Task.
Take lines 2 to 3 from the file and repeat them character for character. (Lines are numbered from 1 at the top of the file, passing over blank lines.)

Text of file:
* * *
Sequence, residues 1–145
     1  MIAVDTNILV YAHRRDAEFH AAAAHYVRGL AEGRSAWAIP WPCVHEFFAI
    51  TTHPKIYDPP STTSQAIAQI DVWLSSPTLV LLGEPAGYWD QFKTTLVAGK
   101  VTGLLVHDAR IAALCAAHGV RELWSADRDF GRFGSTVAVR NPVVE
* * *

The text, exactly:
     1  MIAVDTNILV YAHRRDAEFH AAAAHYVRGL AEGRSAWAIP WPCVHEFFAI
    51  TTHPKIYDPP STTSQAIAQI DVWLSSPTLV LLGEPAGYWD QFKTTLVAGK